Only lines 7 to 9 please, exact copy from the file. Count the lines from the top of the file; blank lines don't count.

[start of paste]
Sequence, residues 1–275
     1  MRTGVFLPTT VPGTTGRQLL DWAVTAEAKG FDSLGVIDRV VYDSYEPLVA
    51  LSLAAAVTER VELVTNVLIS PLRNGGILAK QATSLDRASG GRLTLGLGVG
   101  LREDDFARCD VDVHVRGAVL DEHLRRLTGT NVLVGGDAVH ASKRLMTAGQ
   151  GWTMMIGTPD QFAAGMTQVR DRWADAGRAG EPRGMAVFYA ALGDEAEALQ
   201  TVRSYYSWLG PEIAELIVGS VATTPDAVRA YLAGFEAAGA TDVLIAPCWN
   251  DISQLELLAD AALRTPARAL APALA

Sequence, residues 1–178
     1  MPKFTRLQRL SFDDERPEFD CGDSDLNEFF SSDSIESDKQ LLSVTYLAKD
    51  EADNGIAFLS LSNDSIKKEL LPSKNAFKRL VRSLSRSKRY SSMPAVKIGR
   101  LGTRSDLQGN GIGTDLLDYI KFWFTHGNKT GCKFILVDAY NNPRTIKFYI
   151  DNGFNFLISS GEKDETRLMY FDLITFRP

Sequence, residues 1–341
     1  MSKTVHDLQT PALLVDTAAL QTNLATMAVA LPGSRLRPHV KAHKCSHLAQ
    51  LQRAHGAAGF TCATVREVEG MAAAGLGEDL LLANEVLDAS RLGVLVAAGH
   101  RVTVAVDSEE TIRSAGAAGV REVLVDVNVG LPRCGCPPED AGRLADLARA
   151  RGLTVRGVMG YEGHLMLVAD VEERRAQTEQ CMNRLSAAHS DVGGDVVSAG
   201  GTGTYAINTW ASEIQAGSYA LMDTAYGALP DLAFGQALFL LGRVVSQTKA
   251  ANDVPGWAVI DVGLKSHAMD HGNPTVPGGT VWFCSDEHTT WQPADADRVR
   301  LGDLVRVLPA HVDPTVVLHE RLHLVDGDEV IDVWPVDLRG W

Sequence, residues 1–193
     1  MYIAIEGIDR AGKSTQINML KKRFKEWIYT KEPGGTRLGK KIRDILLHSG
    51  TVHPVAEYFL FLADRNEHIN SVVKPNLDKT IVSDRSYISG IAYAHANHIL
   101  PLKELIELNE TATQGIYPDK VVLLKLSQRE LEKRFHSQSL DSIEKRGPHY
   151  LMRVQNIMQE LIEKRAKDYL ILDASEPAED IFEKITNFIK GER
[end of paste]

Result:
   251  DISQLELLAD AALRTPARAL APALA

Sequence, residues 1–178
     1  MPKFTRLQRL SFDDERPEFD CGDSDLNEFF SSDSIESDKQ LLSVTYLAKD